By Bryan K. Wheelock, Principal
In D’Agostino v. Mastercard International, Inc., [2016-1592, 2016-1593] (December 22, 2016), the Federal Circuit vacated the PTAB’s decision in two Inter Partes Reviews that the challenged claims in U.S. Patent Nos. 7,840,486 and 8,036,988 were unpatentable for anticipation and obviousness, because the decisions rested on unreasonable claim constructions.
The Federal Circuit noted that Board applies the broadest reasonable interpretation standard in Inter Partes Review, but said that this does not include giving claims a legally incorrect interpretation. At issue was the interpretation of the
b) receiving a request from said account holder for a transaction code to make a purchase within a payment category that at least limits transactions to a single merchant, said single merchant limitation being included in said payment category prior to any particular merchant being identified as said single merchant;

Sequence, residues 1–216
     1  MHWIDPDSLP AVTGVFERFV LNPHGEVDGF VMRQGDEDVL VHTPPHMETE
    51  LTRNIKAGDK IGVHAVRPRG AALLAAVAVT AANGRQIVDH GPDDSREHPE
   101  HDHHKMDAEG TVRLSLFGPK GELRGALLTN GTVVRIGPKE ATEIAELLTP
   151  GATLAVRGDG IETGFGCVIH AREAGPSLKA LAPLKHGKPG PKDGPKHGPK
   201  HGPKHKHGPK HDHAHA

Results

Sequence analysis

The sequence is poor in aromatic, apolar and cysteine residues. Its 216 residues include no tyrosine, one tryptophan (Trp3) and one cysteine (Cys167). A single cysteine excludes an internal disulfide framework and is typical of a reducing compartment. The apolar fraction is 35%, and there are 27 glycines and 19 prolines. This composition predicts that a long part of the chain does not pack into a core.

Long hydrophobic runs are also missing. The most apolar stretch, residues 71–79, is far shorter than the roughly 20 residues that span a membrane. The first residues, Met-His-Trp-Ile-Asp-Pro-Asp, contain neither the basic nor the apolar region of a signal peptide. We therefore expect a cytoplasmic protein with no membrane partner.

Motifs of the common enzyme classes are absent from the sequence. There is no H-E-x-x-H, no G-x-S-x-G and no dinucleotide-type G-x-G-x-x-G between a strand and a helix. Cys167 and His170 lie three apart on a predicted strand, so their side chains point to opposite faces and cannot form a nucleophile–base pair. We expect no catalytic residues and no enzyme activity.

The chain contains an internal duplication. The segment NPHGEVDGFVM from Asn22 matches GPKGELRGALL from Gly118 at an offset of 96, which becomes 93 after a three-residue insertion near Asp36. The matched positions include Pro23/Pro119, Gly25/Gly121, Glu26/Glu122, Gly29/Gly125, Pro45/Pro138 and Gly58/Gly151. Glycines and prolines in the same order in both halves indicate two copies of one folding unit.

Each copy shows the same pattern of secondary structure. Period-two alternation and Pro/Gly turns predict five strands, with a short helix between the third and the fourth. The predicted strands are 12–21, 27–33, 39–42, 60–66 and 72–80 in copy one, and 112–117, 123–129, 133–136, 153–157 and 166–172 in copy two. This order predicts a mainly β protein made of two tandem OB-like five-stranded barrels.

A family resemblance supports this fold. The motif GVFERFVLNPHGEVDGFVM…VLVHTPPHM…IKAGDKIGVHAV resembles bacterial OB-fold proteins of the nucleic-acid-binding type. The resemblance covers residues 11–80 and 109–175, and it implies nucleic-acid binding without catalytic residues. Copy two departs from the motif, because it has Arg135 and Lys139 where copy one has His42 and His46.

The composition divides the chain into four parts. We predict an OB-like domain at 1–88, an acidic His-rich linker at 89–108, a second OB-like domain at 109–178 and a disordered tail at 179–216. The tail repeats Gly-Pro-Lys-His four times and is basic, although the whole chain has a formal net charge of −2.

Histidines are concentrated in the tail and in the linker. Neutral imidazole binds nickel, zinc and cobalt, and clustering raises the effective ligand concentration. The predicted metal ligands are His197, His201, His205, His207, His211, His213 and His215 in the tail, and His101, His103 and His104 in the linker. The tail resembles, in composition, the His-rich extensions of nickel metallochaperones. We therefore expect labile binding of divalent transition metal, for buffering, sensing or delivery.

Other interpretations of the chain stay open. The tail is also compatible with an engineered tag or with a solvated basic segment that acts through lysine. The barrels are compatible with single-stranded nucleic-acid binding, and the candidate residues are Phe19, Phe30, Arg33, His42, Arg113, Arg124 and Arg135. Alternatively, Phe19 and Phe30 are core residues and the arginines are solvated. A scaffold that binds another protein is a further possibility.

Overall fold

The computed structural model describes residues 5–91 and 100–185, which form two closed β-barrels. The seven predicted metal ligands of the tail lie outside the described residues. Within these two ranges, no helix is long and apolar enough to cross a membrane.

The Federal Circuit found that it was critical that the “single merchant” must not be identified to the authorizing entity at that time of the request: “The single-merchant limitation thus requires, simply, that, when the transaction code is requested, the request limits the number of authorized merchants to one but does not then identify the merchant, such identification occurring only later.”
The Federal Circuit found that the Board either departed from or misapplied the clear meaning of the claim, whether as a matter of claim construction or as a matter of application to the prior art, when it concluded that the claim covers a situation in which the customer first seeks a transaction code for an identified “chain of stores” and, later, picks a specific store within that chain. The Federal Circuit found that this was contrary to the requirement that at the time the transaction code is requested, the request does not identify the merchant. The only way the Board could be correct was if “single merchant” and “particular merchant” had different meanings, which under the circumstance was not correct.
Because the decisive aspect of the Board’s reasoning is contrary to the claim as reasonably construed, we need not and do not discuss other statements made by the Board en route to its conclusion.